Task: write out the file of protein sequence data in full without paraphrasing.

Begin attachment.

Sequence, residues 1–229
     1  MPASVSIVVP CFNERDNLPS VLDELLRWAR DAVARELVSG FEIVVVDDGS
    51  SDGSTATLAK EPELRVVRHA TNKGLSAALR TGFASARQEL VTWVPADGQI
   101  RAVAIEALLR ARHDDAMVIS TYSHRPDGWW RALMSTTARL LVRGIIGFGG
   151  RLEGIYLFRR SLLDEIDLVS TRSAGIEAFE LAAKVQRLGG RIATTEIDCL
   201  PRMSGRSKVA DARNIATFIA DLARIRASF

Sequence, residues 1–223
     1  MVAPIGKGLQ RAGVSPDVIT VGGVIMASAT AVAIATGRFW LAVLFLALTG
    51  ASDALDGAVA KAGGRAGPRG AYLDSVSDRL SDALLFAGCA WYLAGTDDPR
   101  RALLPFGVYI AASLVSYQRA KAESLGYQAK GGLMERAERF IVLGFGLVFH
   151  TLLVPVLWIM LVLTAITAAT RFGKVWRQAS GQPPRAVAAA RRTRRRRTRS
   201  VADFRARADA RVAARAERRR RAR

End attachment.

Sequence, residues 1–229
     1  MPASVSIVVP CFNERDNLPS VLDELLRWAR DAVARELVSG FEIVVVDDGS
    51  SDGSTATLAK EPELRVVRHA TNKGLSAALR TGFASARQEL VTWVPADGQI
   101  RAVAIEALLR ARHDDAMVIS TYSHRPDGWW RALMSTTARL LVRGIIGFGG
   151  RLEGIYLFRR SLLDEIDLVS TRSAGIEAFE LAAKVQRLGG RIATTEIDCL
   201  PRMSGRSKVA DARNIATFIA DLARIRASF

Sequence, residues 1–223
     1  MVAPIGKGLQ RAGVSPDVIT VGGVIMASAT AVAIATGRFW LAVLFLALTG
    51  ASDALDGAVA KAGGRAGPRG AYLDSVSDRL SDALLFAGCA WYLAGTDDPR
   101  RALLPFGVYI AASLVSYQRA KAESLGYQAK GGLMERAERF IVLGFGLVFH
   151  TLLVPVLWIM LVLTAITAAT RFGKVWRQAS GQPPRAVAAA RRTRRRRTRS
   201  VADFRARADA RVAARAERRR RAR